Cite This Page:

JAMA and Archives Journals. "Patients referred to dermatologists skin lesions evaluations also found to have other skin cancers." ScienceDaily. ScienceDaily, 17 May 2011. <www.sciencedaily.com/releases/2011/05/110516161932.htm>.
JAMA and Archives Journals. (2011, May 17). Patients referred to dermatologists skin lesions evaluations also found to have other skin cancers. ScienceDaily. Retrieved July 23, 2014 from www.sciencedaily.com/releases/2011/05/110516161932.htm
JAMA and Archives Journals. "Patients referred to dermatologists skin lesions evaluations also found to have other skin cancers." ScienceDaily. www.sciencedaily.com/releases/2011/05/110516161932.htm (accessed July 23, 2014).

Share This




More Health & Medicine News

Wednesday, July 23, 2014

Featured Research

from universities, journals, and other organizations


Featured Videos

from AP, Reuters, AFP, and other news services

Courts Conflicted Over Healthcare Law

Courts Conflicted Over Healthcare Law

AP (July 22, 2014) Two federal appeals courts issued conflicting rulings Tuesday on the legality of the federally-run healthcare exchange that operates in 36 states. (July 22) Video provided by AP
Powered by NewsLook.com
Why Do People Believe We Only Use 10 Percent Of Our Brains?

Why Do People Believe We Only Use 10 Percent Of Our Brains?

Newsy (July 22, 2014) The new sci-fi thriller "Lucy" is making people question whether we really use all our brainpower. But, as scientists have insisted for years, we do. Video provided by Newsy
Powered by NewsLook.com
Scientists Find New Way To Make Human Platelets

Scientists Find New Way To Make Human Platelets

Newsy (July 22, 2014) Boston scientists have discovered a new way to create fully functioning human platelets using a bioreactor and human stem cells. Video provided by Newsy
Powered by NewsLook.com
Gilead's $1000-a-Pill Drug Could Cure Hep C in HIV-Positive People

Gilead's $1000-a-Pill Drug Could Cure Hep C in HIV-Positive People

TheStreet (July 21, 2014) New research shows Gilead Science's drug Sovaldi helps in curing hepatitis C in those who suffer from HIV. In a medical study, the combination of Gilead's Hep C drug with anti-viral drug Ribavirin cured 76% of HIV-positive patients suffering from the most common hepatitis C strain. Hepatitis C and related complications have been a top cause of death in HIV-positive patients. Typical medication used to treat the disease, including interferon proteins, tended to react badly with HIV drugs. However, Sovaldi's %1,000-a-pill price tag could limit the number of patients able to access the treatment. TheStreet's Keris Lahiff reports from New York. Video provided by TheStreet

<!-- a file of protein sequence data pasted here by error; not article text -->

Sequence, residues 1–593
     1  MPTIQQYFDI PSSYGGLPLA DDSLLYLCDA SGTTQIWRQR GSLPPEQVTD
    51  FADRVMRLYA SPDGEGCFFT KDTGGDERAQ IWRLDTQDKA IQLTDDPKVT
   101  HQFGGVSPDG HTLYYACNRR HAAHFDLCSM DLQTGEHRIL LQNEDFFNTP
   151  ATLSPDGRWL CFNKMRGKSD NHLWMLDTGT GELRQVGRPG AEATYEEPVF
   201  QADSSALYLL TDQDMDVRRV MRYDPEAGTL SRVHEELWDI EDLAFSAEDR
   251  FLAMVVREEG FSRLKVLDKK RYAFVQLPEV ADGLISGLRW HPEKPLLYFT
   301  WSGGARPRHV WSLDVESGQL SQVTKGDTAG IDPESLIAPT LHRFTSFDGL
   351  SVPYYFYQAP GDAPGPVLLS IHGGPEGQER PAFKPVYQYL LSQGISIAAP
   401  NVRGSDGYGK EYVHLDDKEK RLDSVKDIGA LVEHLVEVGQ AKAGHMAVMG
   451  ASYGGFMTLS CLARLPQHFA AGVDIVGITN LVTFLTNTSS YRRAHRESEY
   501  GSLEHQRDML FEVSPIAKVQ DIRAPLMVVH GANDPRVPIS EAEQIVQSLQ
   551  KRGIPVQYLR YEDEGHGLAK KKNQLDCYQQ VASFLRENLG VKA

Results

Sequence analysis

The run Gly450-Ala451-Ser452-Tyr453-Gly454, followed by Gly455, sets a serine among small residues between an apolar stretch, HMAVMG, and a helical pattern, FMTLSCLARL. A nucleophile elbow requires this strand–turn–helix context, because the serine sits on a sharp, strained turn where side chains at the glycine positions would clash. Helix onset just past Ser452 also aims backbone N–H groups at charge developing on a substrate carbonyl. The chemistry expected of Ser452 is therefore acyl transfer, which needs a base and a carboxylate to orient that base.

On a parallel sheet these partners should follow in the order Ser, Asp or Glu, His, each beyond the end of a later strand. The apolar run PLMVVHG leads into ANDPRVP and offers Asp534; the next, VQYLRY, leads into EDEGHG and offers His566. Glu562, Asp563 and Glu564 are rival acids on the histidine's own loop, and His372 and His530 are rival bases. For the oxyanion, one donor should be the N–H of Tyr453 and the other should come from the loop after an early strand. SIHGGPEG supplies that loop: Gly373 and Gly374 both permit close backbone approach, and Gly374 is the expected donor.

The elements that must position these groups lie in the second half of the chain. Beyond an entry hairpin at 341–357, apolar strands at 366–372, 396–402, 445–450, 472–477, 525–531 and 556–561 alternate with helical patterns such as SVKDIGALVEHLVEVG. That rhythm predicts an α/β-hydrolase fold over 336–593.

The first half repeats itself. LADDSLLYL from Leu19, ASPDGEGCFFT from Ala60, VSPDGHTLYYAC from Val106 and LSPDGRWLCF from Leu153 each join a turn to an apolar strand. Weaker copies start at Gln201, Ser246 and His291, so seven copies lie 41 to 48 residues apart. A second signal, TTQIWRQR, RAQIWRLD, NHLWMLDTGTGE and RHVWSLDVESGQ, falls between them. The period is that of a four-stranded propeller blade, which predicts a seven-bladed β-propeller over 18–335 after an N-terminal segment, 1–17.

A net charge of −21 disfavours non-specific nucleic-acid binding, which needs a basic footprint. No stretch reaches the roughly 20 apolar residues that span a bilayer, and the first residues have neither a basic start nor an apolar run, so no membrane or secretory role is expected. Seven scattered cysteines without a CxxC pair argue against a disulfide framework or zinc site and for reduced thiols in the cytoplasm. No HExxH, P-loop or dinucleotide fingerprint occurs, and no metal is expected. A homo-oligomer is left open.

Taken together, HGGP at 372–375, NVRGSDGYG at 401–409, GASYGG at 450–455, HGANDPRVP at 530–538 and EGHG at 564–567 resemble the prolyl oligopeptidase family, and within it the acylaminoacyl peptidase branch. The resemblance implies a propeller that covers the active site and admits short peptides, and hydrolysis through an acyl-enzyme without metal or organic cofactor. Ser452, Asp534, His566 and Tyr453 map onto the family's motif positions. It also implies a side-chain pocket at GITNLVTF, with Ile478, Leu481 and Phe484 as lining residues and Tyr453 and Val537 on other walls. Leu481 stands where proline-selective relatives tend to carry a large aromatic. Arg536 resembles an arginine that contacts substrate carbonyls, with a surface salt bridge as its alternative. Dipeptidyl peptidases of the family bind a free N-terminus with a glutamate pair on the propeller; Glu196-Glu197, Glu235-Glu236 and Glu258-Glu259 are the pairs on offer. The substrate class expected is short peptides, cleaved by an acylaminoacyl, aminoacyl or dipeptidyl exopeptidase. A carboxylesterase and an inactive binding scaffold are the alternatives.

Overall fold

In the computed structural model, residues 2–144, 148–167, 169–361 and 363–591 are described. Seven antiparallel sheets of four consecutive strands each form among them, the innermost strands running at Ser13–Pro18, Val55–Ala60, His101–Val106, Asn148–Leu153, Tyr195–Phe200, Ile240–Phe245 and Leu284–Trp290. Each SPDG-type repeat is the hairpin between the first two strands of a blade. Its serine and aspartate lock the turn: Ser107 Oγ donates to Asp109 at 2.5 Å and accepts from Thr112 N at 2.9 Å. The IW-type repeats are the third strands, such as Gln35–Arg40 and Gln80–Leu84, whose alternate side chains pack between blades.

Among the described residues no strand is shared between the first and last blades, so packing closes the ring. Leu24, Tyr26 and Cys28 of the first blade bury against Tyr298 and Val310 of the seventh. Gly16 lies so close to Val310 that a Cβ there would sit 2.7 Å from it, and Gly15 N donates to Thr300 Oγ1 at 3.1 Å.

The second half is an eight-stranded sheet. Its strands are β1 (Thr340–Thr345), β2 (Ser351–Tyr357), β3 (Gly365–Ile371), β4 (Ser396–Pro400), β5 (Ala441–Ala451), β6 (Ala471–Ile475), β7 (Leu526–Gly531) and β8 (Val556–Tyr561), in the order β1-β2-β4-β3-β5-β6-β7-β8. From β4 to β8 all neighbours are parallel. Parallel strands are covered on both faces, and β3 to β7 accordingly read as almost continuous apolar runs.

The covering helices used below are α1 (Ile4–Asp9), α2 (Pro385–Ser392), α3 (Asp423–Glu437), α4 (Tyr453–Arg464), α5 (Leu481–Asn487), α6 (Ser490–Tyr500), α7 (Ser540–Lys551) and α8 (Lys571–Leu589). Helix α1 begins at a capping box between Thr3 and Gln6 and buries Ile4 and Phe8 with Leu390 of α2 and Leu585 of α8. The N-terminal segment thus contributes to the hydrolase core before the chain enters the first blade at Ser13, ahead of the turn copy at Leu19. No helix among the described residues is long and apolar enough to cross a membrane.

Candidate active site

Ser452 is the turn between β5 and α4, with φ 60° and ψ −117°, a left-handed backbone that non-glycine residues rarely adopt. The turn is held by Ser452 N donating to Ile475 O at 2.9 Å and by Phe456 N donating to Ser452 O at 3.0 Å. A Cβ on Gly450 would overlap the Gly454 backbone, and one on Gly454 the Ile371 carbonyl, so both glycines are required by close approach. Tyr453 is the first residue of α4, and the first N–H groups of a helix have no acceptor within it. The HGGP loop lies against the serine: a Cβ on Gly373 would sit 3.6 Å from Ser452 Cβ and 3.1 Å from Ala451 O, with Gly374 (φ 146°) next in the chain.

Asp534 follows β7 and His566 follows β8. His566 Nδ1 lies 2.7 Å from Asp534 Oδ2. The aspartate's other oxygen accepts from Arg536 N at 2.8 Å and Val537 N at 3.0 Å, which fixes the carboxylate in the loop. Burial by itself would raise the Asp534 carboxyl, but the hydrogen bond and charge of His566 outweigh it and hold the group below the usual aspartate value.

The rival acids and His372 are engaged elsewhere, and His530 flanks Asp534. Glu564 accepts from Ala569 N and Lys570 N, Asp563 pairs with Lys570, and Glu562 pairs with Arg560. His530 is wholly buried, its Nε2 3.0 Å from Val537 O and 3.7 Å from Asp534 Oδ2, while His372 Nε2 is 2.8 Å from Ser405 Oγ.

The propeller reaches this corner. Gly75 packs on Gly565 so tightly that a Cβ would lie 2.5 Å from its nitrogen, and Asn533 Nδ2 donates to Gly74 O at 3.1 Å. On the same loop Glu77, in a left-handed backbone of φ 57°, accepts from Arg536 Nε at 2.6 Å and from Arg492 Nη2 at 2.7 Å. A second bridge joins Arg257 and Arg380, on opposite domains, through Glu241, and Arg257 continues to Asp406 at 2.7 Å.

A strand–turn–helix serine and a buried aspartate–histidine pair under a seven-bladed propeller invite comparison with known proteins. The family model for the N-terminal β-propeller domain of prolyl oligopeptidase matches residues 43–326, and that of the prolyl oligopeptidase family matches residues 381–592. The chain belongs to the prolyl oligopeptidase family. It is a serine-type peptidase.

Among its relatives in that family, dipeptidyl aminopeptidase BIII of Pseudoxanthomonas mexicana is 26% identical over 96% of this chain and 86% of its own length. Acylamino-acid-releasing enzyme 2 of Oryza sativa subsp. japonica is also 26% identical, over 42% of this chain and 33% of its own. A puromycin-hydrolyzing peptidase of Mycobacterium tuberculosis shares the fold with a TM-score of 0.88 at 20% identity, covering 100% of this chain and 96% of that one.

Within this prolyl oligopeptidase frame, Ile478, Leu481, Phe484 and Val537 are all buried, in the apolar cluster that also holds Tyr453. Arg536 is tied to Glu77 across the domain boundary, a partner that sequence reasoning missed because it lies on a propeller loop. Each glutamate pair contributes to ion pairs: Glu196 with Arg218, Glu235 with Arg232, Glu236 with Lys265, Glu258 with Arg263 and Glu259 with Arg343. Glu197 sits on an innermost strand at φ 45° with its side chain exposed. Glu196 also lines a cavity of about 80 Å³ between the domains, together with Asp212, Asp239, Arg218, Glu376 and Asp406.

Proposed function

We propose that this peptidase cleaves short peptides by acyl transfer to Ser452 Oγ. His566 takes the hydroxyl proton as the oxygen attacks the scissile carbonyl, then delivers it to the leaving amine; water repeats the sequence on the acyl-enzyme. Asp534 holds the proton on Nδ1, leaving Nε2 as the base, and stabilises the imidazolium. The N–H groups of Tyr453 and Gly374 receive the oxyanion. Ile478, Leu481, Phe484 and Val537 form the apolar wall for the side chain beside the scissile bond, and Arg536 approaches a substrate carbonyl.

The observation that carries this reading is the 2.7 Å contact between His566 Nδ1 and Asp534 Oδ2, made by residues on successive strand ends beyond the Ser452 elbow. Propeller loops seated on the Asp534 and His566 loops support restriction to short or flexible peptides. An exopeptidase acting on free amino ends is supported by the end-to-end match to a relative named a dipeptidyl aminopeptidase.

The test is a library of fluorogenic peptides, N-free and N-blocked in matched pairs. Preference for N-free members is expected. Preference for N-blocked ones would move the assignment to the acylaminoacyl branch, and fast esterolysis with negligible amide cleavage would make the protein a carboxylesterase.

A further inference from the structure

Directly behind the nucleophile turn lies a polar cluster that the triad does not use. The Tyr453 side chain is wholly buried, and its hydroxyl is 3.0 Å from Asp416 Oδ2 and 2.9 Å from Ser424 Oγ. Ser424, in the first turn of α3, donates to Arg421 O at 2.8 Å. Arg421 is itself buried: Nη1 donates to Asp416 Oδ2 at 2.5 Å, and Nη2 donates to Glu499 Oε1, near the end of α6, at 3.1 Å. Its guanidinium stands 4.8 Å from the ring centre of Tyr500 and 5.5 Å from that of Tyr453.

Powered by NewsLook.com

Search ScienceDaily

Number of stories in archives: 140,361

Find with keyword(s):
Enter a keyword or phrase to search ScienceDaily for related topics and research stories.

Save/Print:
Share:

Breaking News:
from the past week

In Other News

... from NewsDaily.com

Science News

Health News

Environment News

Technology News



Save/Print:
Share:

Free Subscriptions


Get the latest science news with ScienceDaily's free email newsletters, updated daily and weekly. Or view hourly updated newsfeeds in your RSS reader:

Get Social & Mobile


Keep up to date with the latest news from ScienceDaily via social networks and mobile apps:

Have Feedback?


Tell us what you think of ScienceDaily -- we welcome both positive and negative comments. Have any problems using the site? Questions?
Mobile: iPhone Android Web
Follow: Facebook Twitter Google+
Subscribe: RSS Feeds Email Newsletters
Latest Headlines Health & Medicine Mind & Brain Space & Time Matter & Energy Computers & Math Plants & Animals Earth & Climate Fossils & Ruins